These boys were then choosing that field, knowing something about computers. It deterred their female counterparts because they just looked at it like they were already a step behind. "I’ve never used this, I’ve never programmed before, and oh, my gosh, look at them, they have. I’m always going to be behind and I’m not ever going to be able to catch up with them."

That’s why we trended down to the point we’re at now, where from 1991 we were at 37 percent of women in computer-related fields and now we’re down to, I believe, 26 percent. If you go even farther, it’s only 12 percent of women in software engineering kind of roles. On the trend down, that’s a nine percent drop just in my lifetime. That’s a massive drop that really can’t be ignored.


Do you see that same gender disparity in countries like India, which was well positioned educationally and vocationally to embrace work in new technologies as an economic imperative?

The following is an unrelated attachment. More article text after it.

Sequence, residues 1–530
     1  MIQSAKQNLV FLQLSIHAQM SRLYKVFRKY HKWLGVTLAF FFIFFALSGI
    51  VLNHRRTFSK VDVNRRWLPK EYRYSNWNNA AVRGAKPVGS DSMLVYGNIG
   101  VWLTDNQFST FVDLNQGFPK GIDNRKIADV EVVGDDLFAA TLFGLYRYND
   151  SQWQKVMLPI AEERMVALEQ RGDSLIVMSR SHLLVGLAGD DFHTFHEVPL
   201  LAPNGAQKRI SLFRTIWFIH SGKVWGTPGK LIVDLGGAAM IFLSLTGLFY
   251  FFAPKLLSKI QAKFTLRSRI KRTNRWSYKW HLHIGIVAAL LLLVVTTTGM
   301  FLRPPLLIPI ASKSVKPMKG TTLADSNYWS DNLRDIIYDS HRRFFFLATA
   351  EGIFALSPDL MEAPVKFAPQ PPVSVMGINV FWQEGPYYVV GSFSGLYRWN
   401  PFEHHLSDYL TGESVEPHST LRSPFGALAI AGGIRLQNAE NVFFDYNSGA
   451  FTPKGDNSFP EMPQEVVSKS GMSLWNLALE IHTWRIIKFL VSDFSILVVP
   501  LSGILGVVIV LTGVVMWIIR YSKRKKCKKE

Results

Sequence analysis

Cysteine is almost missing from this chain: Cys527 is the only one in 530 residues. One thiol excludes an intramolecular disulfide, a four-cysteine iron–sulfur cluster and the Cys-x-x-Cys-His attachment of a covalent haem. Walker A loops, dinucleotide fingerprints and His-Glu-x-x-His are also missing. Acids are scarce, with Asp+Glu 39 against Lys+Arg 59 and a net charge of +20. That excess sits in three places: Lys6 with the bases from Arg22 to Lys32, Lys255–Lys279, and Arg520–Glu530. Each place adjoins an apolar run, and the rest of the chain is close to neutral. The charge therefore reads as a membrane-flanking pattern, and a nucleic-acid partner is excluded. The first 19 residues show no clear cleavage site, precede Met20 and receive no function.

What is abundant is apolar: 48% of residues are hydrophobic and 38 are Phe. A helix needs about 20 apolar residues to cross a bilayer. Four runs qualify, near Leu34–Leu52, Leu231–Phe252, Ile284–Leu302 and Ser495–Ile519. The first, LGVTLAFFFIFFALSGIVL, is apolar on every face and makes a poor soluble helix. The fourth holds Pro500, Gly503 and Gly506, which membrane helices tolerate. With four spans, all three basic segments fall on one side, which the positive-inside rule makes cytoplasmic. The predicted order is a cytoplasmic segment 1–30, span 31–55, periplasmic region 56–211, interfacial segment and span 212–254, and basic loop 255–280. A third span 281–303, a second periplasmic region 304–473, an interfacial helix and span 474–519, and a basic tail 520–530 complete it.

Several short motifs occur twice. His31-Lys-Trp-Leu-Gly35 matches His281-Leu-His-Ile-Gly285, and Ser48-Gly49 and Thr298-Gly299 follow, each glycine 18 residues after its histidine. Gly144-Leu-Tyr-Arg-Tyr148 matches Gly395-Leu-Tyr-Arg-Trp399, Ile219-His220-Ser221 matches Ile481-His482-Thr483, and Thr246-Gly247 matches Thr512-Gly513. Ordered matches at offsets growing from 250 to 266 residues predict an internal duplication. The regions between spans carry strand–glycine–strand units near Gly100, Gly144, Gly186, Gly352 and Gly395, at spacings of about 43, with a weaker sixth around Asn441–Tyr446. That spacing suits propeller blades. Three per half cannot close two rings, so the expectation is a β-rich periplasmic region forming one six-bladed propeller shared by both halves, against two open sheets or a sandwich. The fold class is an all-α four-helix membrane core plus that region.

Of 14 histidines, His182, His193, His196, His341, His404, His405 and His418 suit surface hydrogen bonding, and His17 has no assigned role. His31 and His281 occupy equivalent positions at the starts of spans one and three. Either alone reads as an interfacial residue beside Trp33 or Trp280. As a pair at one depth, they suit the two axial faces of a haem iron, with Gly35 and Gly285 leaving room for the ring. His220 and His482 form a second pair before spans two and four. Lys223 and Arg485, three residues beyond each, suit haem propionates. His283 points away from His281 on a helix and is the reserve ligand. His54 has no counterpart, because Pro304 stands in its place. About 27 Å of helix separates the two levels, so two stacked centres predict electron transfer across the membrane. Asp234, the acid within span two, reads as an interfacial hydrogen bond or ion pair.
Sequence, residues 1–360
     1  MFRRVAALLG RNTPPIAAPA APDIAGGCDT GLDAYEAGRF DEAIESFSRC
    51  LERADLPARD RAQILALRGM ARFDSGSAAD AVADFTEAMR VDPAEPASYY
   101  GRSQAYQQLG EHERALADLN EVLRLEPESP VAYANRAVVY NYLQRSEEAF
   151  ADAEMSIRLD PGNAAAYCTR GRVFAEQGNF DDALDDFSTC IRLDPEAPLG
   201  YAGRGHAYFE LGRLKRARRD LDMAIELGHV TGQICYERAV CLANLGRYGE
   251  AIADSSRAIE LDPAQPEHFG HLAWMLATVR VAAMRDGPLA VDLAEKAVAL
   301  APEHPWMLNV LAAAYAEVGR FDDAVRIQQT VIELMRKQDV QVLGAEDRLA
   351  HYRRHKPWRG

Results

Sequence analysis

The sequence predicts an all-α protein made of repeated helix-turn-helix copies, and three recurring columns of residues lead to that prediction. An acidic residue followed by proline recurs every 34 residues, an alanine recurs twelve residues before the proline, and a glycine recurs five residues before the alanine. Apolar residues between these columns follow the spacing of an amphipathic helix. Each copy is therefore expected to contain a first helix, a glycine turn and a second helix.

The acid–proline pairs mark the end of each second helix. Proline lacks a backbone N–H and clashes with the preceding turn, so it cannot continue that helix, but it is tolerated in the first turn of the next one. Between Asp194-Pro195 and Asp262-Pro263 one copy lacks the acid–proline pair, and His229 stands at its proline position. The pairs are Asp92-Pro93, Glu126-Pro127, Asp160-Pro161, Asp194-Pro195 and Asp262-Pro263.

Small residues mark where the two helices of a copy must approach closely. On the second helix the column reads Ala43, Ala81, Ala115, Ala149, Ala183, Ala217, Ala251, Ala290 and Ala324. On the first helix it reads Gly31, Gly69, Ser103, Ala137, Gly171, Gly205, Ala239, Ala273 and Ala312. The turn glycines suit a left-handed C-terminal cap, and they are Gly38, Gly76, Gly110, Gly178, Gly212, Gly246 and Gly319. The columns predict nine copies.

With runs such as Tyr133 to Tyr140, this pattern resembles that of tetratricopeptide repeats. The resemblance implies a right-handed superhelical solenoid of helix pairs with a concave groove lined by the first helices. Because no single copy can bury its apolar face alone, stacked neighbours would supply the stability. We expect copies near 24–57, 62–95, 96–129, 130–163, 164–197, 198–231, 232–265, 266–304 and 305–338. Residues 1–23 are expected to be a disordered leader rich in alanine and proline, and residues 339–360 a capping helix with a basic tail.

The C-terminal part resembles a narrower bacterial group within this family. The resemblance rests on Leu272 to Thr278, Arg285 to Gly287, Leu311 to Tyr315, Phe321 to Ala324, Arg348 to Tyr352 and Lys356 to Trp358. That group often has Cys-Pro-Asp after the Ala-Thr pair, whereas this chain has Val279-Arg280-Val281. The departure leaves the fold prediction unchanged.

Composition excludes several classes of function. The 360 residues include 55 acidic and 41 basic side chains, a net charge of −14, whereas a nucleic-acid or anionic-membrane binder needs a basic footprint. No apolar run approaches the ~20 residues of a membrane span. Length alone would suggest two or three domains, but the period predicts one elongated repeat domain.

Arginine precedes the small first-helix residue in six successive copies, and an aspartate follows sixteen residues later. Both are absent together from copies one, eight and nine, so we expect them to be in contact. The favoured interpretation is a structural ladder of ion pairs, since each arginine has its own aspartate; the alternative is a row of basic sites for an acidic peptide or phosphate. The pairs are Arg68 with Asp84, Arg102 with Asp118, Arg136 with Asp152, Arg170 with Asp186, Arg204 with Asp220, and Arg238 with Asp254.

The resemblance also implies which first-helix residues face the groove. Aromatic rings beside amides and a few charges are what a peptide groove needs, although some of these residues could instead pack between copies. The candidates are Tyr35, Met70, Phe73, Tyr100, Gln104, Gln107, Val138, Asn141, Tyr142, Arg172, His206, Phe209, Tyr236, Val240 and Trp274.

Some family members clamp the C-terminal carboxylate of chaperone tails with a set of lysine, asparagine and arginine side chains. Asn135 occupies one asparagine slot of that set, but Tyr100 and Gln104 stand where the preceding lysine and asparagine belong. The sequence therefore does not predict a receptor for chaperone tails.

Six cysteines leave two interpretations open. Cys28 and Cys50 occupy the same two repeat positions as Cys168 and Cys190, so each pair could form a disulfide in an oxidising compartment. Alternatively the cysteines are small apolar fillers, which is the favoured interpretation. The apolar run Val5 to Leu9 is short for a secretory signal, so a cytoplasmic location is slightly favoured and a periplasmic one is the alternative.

I don’t have the stats outside of the US. It’s on my to-do list to investigate all those. I imagine the numbers are different just because of our cultural ecosystems that we grew up in, whether it’s how hard we push good-paying jobs and how hard we push going into a high intellectual field. Of course, our exposure to all our social media and stuff like that. I’m sure the numbers are definite and quite fascinating. I just haven’t looked into them yet.


What response do you get from mentoring and what results have you seen?

The response has been overwhelmingly positive and our support has just been off the charts. Schools are happy to take us in and give us the time to do this. A lot of them are backing us with their teachers, rolling it into their extracurriculars, categorizing it in the same way as like football or basketball so that teachers can come sponsor us. Even within Cerner, when I put out the call on our internal boards for mentors, it was 20 people emailing me all within 24 hours. “I want to help any way I can. If I can’t mentor, I’ll help you write the code" and stuff like that.